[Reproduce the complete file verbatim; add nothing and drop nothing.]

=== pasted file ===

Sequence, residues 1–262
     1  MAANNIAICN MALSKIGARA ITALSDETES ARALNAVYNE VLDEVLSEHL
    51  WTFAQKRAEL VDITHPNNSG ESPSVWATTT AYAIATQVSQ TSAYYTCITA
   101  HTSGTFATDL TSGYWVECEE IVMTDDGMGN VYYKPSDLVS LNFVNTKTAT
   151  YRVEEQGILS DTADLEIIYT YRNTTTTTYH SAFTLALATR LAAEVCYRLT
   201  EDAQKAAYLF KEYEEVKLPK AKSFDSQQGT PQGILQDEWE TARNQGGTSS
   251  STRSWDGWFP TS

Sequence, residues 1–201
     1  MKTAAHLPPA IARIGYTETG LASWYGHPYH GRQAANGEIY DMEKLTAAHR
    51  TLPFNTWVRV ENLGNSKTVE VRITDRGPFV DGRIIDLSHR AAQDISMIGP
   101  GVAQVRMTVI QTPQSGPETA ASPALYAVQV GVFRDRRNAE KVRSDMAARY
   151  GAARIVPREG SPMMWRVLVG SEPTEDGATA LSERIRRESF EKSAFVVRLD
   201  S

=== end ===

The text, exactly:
Sequence, residues 1–262
     1  MAANNIAICN MALSKIGARA ITALSDETES ARALNAVYNE VLDEVLSEHL
    51  WTFAQKRAEL VDITHPNNSG ESPSVWATTT AYAIATQVSQ TSAYYTCITA
   101  HTSGTFATDL TSGYWVECEE IVMTDDGMGN VYYKPSDLVS LNFVNTKTAT
   151  YRVEEQGILS DTADLEIIYT YRNTTTTTYH SAFTLALATR LAAEVCYRLT
   201  EDAQKAAYLF KEYEEVKLPK AKSFDSQQGT PQGILQDEWE TARNQGGTSS
   251  STRSWDGWFP TS

Sequence, residues 1–201
     1  MKTAAHLPPA IARIGYTETG LASWYGHPYH GRQAANGEIY DMEKLTAAHR
    51  TLPFNTWVRV ENLGNSKTVE VRITDRGPFV DGRIIDLSHR AAQDISMIGP
   101  GVAQVRMTVI QTPQSGPETA ASPALYAVQV GVFRDRRNAE KVRSDMAARY
   151  GAARIVPREG SPMMWRVLVG SEPTEDGATA LSERIRRESF EKSAFVVRLD
   201  S